Alan Hargreaves' Blog

The ramblings of a former Australian SaND TSC* Principal Field Technologist

Response to Linux versus Sun’s Solaris: It’s the community stupid

I only noticed this article today although it was posted during November.

First off I have to say that as someone at Sun who is (peripherally) involved in the open sourcing of Solaris, that I do not see this as a strictly Open Solaris vs Linux thing. There is room here for all comers and I believe that the more code out there in open source kernel space, the better for the industry as the whole. None of us has the monopoly on innovation and we can all learn from each other.

Frank sees us as having a number of problems to solve.

…ranging from limited hardware compatibility a mix reputation regarding open source to the below par service organization, before they can become successful again.

If you are talking about Solaris prior to Solaris 10, I would wholeheartedly agree with you about our lack of driver support. With the advent of 10, though, the picture changes. We are working actively with vendors and the community to get drivers for current hardware. I myself run Solaris 10 on my Dell Inspiron 8500. The installation went through without a hitch. The only drivers that I was missing were for the Broadcom ethernet and Wireless. I got the Broadcom ethernet driver from a membero of the Solaris community (thank you Muryama-san). Broadcom still has not (to my knowledge) shared their wireless specs with anyone. Many of the key Solaris developers internal to Sun do their major development work on their own notebooks. Believe me, there is incentive to get current hardware supported.

I would be interested to hear why you state that our service is below par. I am a member of that Service Organisation, and I have only ever received glowing reports from our customers.

Mixed reputation regarding Open source? Please explain. Sun is the second largest contributor to the open source movement (behind Berkely) and has been working in this area for more than twenty years!

He also makes the point that an awful lot of Linux people responded to the article and he did not see a single response from the Solaris community.

Well, that could be for any number of reasons. First off, The original article was a red rag to a bull for the Linux community. Of course it was going to get a lot of people being awfully defensive. Another that I can say for myself is that I quite simply did not see the article until I had a response to it pointed out to me today. You will note that I am responding.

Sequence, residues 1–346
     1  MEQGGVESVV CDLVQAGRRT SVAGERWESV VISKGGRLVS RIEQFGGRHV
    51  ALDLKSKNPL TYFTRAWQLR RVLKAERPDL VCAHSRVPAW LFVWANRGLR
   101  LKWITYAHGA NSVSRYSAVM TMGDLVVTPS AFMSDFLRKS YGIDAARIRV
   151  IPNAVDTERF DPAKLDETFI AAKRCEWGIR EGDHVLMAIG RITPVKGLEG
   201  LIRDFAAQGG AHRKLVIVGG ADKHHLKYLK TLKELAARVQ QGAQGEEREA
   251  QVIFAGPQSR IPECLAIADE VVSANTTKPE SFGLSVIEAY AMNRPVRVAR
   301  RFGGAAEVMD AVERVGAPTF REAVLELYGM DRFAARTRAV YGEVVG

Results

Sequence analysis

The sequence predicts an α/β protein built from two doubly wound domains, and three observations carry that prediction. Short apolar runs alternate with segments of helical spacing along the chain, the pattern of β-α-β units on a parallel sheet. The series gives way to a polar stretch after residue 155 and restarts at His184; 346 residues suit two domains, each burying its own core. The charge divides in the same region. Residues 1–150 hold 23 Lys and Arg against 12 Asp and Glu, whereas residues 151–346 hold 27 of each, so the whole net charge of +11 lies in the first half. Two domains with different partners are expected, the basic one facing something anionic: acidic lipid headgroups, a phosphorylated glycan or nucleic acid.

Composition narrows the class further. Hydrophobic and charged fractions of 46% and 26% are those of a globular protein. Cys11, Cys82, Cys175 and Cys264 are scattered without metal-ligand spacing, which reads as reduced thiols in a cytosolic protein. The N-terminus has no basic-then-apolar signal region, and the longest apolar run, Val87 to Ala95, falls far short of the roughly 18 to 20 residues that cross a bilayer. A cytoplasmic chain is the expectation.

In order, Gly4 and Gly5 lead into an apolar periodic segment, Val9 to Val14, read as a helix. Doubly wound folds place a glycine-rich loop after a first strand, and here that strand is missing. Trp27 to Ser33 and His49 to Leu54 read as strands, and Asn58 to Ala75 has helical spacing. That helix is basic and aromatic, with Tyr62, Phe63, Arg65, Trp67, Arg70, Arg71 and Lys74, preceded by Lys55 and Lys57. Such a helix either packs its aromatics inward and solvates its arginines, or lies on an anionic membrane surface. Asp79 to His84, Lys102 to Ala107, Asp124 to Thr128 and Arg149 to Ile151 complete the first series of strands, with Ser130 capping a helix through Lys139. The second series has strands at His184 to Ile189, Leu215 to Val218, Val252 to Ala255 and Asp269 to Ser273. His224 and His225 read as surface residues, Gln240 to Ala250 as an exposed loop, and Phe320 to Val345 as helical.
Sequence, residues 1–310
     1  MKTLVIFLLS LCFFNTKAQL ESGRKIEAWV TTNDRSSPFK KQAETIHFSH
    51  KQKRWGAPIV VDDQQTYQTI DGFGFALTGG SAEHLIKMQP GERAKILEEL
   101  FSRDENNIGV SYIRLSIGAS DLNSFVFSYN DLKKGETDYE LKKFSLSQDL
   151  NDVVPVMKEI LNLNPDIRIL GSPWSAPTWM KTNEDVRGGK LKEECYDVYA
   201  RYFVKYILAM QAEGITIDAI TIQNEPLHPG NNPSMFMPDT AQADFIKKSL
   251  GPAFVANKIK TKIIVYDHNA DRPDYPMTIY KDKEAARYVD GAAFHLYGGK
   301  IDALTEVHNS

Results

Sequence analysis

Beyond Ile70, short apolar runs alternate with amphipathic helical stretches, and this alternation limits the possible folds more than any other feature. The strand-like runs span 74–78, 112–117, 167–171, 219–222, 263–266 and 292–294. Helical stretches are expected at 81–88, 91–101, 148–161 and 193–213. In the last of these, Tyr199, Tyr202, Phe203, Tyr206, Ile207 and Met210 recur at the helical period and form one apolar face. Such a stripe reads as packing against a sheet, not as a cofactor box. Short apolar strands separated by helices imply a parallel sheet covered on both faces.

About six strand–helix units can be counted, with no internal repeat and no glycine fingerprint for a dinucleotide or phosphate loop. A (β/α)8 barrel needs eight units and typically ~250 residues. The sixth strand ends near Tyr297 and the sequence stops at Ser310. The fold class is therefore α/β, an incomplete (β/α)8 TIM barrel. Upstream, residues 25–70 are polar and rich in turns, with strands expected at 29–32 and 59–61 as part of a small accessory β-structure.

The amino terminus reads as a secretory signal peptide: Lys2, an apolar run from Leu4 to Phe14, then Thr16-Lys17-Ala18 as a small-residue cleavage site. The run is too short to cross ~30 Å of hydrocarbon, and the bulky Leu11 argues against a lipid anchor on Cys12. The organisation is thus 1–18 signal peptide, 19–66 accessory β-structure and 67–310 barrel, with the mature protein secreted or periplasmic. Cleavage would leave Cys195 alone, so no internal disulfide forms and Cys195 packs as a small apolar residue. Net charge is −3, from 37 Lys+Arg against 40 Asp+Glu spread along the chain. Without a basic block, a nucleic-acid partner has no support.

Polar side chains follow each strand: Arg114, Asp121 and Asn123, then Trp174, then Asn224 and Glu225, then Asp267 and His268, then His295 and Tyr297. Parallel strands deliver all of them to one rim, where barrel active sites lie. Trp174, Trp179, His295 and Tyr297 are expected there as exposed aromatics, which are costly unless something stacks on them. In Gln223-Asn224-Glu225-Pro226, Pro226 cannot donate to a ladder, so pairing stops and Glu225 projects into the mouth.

I certainly will not argue that Linux has a large and active community. I would regard it as a mistake to say that Solaris has none. Indeed the last person to say that offended some very vocal members of that community.

I responded to Joshua Wulf’s response to you in my blog here. But the main point I made is that I agree that community is critical.

We are open sourcing Solaris in response to the Solaris community. Many of whom are actively developing for Solaris. Our aim is to encourage this. We certainly agree that having a strong community is never to be underestimated.

Simply have a look at what happened when Sun elected to defer Solaris 9 for x86. The community effort was such that not only is Solaris on x86 hardware back on the agenda, it’s at our fore-front!

You also make a statement about “Making Solaris 10 free and open source, compatible with the x86 platform”. There are a few things that should be corrected here. First, there is the inferance (probably unintended) that we are only open sourcing Solaris for x86. Solaris is build from a single source tree for all platforms. We are open sourcing Solaris, not Solaris for a particular platform. Second, there is another inferance that we are newcomers to operating systems on x86 hardware. This is not true. I believe that we have been doing Solaris on x86 hardware since around Solaris 2.1.

I find myself constantly amazed at the vehemance with which many folk in the Linux community respond to any comment about Open Source Solaris. We believe we have a pretty good operating environment here. Is sharing it with the community such a bad thing? Hey maybe we can all learn something from each other?


Written by Alan

December 30, 2004 at 7:33 pm

3 Responses

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  1. [Trackback] Alan Hargreaves’ Weblog

    December 30, 2004 at 9:42 pm

  2. Totally agree with this:

    <div style=”margin-left: 80px;”><span style=”color: rgb(153, 0, 0);”>We
    are open sourcing Solaris in </span><b style=”color: rgb(153, 0, 0);”>response<span
    style=”color: rgb(153, 0, 0);”> to the Solaris
    community. Many of whom are actively developing for Solaris. Our aim is
    to encourage this. We certainly agree that having a strong community is
    never to be underestimated.</span>

    Jim Grisanzio

    December 31, 2004 at 12:18 am

  3. So, the thing about developing for Open Source on Sun is that developers can develop to real standards. You can’t do that very well with Linux at all.
    For all the revolutionary zeal, linux is still a very primative stew when it comes to standards and maturity. Stuff like that, along with features, are what make a good OS…

    tim scanlon

    January 13, 2005 at 12:14 am

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